Ameris – a Soft Horizon vignette
I wrote this on the bus this morning based on a world in my last Soft Horizon plane generation session. I don’t know what it would be for — it’s too short and plotless to be fiction and it’s too long to be microfic. It’s the kind of thing I would write for myself to set tone while doing prep for a game. Normally no one but me would ever read it.
The market is a riot of colour — stall covers in silk and cotton dyed a thousand ways from a dozen worlds snap in the wind. And smells. Roasting meat of animals you’ve never seen, the sharp tang of fruits and vegetables, the thick odour of burning herbs, all bombard your senses. A seasoned traveller would find herself suddenly hungry. A neophyte perhaps nauseated, then intrigued.
But immediately as you enter Marketgate the your senses start to fog and blur — a vague euphoria begins to rise in you and serializing your needs as thoughts in language becomes a conscious effort. Your first stop — everyone’s first stop — is the autonomy vendor.
Always positioned near Marketgate, the autonomy vendors beckon you forward with stark black and white flags that trigger some animal connection to thought, and even though you are nearly mindless by the time you reach them, you have enough of your wits to buy what they sell — your mind.
Because this is such an essential service, its sale within a thousand yards of the Marketgate is strictly regulated by the Caliphate and no autonomy vendor (at least not one within a thousand yards of Marketgate) would dream of taking advantage of you. Some do, of course. The very reason a law exists is often enough to risk breaking it, and if you are very beautiful or very strong (or, Mind forbid, both) then there is some risk that the spell you buy will not be quite what you need, and that your guide might turn out to be someone other than she seems — a zombi trader.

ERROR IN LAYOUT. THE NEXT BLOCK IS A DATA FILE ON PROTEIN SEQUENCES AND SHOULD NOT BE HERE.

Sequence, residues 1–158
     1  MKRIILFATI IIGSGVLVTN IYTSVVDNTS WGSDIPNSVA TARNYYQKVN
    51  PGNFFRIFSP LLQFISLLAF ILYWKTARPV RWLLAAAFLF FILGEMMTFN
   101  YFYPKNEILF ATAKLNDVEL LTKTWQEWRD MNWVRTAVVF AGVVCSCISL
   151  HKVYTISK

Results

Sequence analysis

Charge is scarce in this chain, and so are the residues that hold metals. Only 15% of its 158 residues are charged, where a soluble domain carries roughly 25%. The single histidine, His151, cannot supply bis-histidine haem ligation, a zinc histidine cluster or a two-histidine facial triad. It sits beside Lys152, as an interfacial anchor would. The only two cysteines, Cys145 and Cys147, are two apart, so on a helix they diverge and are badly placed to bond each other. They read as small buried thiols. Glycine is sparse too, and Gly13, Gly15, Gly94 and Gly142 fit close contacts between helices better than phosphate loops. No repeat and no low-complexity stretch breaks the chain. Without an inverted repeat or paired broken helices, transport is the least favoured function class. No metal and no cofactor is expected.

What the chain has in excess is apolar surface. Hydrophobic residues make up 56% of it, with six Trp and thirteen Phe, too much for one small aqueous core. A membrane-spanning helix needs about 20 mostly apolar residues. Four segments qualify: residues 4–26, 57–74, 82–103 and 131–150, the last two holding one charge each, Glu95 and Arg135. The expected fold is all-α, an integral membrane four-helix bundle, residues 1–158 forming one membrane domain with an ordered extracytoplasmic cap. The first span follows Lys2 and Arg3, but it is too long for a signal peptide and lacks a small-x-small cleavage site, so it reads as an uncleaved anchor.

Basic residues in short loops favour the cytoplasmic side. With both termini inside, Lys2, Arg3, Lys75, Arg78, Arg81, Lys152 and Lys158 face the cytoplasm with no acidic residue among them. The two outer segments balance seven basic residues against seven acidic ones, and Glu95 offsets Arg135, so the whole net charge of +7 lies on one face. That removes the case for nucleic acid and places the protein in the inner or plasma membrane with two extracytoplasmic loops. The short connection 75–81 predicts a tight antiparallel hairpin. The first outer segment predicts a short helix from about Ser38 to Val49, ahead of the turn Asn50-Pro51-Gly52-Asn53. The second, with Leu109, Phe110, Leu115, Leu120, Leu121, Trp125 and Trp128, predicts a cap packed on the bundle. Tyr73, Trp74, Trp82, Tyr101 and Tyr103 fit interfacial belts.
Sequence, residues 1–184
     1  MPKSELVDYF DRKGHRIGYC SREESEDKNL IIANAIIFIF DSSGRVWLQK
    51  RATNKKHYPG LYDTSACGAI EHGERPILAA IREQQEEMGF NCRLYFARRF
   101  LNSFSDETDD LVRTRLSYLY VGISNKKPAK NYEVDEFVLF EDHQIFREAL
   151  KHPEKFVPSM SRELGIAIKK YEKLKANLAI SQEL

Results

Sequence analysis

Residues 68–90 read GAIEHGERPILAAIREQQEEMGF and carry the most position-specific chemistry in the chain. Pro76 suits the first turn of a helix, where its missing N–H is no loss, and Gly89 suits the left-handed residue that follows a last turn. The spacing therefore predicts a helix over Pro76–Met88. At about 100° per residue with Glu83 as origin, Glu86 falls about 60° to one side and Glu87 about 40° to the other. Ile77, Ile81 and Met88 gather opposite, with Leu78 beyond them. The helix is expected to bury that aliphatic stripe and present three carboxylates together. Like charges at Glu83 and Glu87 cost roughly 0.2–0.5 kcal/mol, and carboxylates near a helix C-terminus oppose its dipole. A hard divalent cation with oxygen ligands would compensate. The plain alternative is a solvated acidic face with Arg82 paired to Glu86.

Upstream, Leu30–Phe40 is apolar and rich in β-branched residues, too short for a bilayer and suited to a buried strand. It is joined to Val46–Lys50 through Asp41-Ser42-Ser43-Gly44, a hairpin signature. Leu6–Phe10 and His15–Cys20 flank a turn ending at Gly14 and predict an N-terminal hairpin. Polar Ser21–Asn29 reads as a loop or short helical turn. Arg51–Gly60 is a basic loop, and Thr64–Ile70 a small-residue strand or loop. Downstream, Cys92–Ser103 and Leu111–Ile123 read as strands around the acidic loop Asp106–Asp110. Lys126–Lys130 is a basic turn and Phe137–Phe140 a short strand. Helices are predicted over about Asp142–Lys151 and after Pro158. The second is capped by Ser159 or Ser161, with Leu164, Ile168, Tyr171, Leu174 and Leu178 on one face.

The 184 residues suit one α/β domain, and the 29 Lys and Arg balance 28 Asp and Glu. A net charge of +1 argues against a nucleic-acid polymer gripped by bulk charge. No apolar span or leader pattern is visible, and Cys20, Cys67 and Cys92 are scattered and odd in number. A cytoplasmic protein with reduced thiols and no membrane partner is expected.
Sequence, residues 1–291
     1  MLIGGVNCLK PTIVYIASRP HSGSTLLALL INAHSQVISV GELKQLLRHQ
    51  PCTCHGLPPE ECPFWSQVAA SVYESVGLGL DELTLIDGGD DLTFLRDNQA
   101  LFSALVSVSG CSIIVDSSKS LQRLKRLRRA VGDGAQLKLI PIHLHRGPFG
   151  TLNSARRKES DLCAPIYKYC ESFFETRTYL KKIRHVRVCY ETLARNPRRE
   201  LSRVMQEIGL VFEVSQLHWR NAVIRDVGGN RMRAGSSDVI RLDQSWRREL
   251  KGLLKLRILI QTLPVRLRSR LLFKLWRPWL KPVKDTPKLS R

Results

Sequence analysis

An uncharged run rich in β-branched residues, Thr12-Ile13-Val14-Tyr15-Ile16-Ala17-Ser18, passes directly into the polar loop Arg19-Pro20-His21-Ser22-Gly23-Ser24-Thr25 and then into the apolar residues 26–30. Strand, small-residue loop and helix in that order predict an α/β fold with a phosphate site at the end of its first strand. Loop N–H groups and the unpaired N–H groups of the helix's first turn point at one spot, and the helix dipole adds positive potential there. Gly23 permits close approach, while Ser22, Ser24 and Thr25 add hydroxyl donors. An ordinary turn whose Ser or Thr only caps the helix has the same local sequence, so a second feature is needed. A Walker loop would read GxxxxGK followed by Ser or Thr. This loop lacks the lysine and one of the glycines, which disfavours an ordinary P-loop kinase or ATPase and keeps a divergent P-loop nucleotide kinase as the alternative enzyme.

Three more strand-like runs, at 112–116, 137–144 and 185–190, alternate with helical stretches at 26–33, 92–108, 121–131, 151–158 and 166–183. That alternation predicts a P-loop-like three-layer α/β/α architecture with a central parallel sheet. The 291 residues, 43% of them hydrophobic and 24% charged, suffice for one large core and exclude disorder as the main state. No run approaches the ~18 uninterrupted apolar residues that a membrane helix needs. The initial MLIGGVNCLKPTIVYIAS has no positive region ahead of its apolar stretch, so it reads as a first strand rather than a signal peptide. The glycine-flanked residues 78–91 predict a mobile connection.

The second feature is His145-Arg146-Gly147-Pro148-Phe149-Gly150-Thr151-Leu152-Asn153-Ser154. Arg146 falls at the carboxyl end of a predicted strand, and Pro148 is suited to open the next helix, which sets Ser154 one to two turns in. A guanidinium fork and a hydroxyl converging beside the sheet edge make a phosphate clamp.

But that doesn’t happen much any more. The Caliph is very strict and the punishment severe — a dozen years mindless — and not something someone wealthy enough to afford regular autonomy would risk.
So the autonomy vendor flashes the colours at you and spins the mandala and says the words and the fog lifts. He warns you to stay near Marketgate unless you know your way around — there’s not always a vendor nearby elsewhere in Ameris. You nod, You understand. It’s a relief already to understand things.
Now you can truly take in the wonders of Market gate — the name of the city as well as the name of the portal you stepped through to get here. Some portals are small, hidden affairs — the back of a wardrobe, perhaps, or just a wrong turn near Whitehall. Marketgate is not one of those. It is a vast stone and metal structure built, re-built, decorated, and simplified a thousand, thousand times over a period of years no one has counted. The portal itself is big enough to pass armies (and their engines) and if the bas relief that decorates parts of the gate is at all historical, then it has passed armies many times. And refugees. And things you cannot identify. All in the thousands or millions. This has always been a busy place and the steps here are worn with millions of feet and wheels and hooves and tracks and who knows what else.
Worn and rebuilt. Worn and repaired. At this time, your time, they are clearly ancient and due for repairs. The steel shows through the limestone which shows through the marble. Over there, that may be a glimpse of gold from some more hedonistic era. And there perhaps diamond from an even richer time — or maybe a time when diamond was so common as to be valueless. It’s all here in its many layers, a life’s work for an archaeologist in a single structure.
And indeed, they are here too, scurrying about and taking notes and sketching.